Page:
The long slide of the Harvard econ. department continues.

It seems that a Harvard economics professor has been fined for stealing horse manure from a neighbor’s farm.

Perhaps it was rational for the professor to steal fertilizer rather than producing it: comparative advantage, you know. And of course the difference between stealing and paying is no more than a transfer, with no efficiency implications at all.

On the other hand, a former Kennedy School colleague sees evidence of moral degeneration, and a step on the path toward plagiarism. “When I was there,” he writes, “it was a point of pride among Harvard faculty that we made up our own horsesh*t.”

Author: Mark Kleiman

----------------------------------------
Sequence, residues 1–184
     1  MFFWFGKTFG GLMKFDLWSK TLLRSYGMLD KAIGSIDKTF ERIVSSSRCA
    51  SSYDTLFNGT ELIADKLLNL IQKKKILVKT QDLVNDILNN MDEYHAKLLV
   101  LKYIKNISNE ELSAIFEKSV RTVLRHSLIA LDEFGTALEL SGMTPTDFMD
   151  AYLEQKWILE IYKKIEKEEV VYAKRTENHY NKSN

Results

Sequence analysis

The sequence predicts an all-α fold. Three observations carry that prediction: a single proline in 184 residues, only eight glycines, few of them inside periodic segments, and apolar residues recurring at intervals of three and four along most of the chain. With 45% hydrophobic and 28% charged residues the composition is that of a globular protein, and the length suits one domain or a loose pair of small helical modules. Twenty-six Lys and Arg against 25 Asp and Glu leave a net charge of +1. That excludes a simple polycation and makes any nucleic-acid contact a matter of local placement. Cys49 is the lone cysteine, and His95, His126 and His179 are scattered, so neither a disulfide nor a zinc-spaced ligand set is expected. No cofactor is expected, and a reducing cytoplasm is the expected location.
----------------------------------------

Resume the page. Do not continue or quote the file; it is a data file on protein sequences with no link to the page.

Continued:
Professor of Public Policy at the NYU Marron Institute for Urban Management and editor of the Journal of Drug Policy Analysis. Teaches about the methods of policy analysis about drug abuse control and crime control policy, working out the implications of two principles: that swift and certain sanctions don't have to be severe to be effective, and that well-designed threats usually don't have to be carried out. Books: Drugs and Drug Policy: What Everyone Needs to Know (with Jonathan Caulkins and Angela Hawken) When Brute Force Fails: How to Have Less Crime and Less Punishment (Princeton, 2009; named one of the "books of the year" by The Economist Against Excess: Drug Policy for Results (Basic, 1993) Marijuana: Costs of Abuse, Costs of Control (Greenwood, 1989) UCLA Homepage Curriculum Vitae Contact: Markarkleiman-at-gmail.com